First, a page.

June 25, 2019
By Mary E. Hunt, Co- Director of WATER
I asked my teenage daughter if she wanted to join me for the local Pride celebration in Washington, D.C. She had been before as a younger child and remembered it fondly for the tons of swag she got—a bright frisbee, a colorful keychain, endless candy from groups and businesses showing their support for LGBTQ+ people. But now, as a teen and more aware of the world, she was not quite clear why we needed a Pride celebration at all. What’s the big deal, she asked? Typical teen attitude, but she made me think about it as I tried to persuade her to join me.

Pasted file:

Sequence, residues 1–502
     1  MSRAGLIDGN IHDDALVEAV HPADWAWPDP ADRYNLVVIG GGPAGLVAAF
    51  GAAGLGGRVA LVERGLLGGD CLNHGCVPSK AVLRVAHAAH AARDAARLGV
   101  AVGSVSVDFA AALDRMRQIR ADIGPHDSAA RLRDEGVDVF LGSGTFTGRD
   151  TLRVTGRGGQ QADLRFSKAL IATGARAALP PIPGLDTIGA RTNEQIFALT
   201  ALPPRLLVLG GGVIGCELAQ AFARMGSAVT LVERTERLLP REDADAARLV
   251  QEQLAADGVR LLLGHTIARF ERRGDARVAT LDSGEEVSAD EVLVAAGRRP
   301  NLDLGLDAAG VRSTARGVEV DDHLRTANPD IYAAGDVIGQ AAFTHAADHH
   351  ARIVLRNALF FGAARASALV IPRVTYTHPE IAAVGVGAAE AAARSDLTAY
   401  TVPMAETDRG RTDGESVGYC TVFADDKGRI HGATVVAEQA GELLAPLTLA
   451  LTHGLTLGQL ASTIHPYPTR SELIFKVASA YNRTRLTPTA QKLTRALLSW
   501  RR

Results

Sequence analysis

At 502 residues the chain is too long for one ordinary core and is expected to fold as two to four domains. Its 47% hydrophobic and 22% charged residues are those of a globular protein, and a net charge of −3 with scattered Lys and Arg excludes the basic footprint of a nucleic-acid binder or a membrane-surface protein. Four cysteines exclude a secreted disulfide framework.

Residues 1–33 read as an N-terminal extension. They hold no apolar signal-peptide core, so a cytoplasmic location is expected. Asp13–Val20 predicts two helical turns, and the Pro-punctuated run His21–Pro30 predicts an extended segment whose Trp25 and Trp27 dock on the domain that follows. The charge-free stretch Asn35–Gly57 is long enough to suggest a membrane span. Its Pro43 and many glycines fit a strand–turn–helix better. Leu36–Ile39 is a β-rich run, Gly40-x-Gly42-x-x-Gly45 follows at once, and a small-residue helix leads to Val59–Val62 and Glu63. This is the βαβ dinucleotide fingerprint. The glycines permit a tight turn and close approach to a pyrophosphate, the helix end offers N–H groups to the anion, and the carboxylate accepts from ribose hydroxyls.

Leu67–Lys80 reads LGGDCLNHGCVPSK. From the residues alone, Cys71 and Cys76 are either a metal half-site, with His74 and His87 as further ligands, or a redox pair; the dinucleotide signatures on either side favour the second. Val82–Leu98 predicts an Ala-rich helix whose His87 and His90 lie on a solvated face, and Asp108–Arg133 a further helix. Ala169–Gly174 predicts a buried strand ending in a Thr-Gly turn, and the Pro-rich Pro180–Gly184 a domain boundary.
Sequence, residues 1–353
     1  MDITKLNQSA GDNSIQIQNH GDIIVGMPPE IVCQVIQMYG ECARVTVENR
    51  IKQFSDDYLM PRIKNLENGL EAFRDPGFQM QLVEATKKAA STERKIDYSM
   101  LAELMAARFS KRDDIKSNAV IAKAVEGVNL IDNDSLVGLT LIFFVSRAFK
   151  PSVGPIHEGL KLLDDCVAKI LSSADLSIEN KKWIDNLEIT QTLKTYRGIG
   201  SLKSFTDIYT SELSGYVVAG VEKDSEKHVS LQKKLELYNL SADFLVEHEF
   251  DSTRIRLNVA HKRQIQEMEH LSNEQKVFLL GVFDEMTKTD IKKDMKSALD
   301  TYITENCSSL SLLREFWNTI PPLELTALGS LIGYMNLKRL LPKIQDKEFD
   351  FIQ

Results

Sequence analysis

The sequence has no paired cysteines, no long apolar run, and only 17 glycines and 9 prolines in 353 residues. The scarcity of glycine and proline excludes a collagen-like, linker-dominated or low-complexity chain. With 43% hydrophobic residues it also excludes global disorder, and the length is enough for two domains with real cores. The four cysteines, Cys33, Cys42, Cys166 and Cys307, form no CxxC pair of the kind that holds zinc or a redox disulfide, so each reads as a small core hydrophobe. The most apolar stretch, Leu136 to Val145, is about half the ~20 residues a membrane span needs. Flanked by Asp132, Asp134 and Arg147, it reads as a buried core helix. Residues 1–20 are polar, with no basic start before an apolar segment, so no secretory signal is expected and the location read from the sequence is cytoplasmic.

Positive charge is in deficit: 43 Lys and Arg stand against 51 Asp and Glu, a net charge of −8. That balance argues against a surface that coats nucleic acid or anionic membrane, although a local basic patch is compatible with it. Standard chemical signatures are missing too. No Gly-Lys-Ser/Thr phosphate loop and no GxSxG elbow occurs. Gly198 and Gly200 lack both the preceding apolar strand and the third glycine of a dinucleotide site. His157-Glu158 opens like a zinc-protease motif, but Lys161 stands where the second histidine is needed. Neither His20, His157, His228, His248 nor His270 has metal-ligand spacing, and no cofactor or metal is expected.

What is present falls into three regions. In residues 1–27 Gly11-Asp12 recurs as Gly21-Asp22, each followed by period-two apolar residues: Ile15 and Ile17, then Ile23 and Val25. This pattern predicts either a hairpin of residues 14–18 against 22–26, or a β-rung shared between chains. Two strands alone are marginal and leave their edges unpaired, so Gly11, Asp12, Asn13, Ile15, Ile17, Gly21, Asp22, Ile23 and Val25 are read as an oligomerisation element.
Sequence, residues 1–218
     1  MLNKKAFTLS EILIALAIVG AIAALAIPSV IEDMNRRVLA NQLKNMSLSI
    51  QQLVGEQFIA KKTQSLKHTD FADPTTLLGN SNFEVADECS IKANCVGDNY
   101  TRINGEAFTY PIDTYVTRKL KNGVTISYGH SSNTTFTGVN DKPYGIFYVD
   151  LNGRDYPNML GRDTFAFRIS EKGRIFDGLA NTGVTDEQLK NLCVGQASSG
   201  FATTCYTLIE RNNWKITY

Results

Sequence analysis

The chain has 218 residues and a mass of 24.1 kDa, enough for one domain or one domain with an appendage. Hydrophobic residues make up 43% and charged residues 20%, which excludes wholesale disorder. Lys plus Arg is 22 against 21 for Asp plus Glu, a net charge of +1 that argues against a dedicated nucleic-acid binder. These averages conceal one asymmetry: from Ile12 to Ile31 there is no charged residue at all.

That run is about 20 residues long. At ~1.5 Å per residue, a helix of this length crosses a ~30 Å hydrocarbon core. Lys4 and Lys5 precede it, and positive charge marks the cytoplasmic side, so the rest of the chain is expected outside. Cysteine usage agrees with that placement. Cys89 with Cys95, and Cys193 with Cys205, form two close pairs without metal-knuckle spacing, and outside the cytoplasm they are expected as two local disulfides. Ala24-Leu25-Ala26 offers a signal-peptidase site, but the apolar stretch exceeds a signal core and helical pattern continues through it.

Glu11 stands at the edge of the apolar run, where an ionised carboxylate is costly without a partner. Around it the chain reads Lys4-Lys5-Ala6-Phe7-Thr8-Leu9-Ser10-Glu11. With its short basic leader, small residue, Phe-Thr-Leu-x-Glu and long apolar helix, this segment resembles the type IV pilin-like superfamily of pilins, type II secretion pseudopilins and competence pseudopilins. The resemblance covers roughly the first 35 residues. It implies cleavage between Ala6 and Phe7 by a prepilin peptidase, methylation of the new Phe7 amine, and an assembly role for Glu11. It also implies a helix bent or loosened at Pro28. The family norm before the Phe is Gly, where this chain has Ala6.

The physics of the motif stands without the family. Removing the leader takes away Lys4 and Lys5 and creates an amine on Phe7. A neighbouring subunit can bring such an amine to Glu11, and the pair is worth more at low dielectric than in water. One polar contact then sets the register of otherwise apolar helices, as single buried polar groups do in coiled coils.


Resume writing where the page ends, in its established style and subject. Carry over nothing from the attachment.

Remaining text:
The simple answer is that pride is a survival mechanism for dealing with prejudice. Jane Austen forgive me, but heterosexual people do not have a corner on complicated marriage choices and the right to marry for love. Yet it is only in my lifetime—born in the 1950s—that the notion of same-sex love as healthy, good, natural and holy has been conceivable.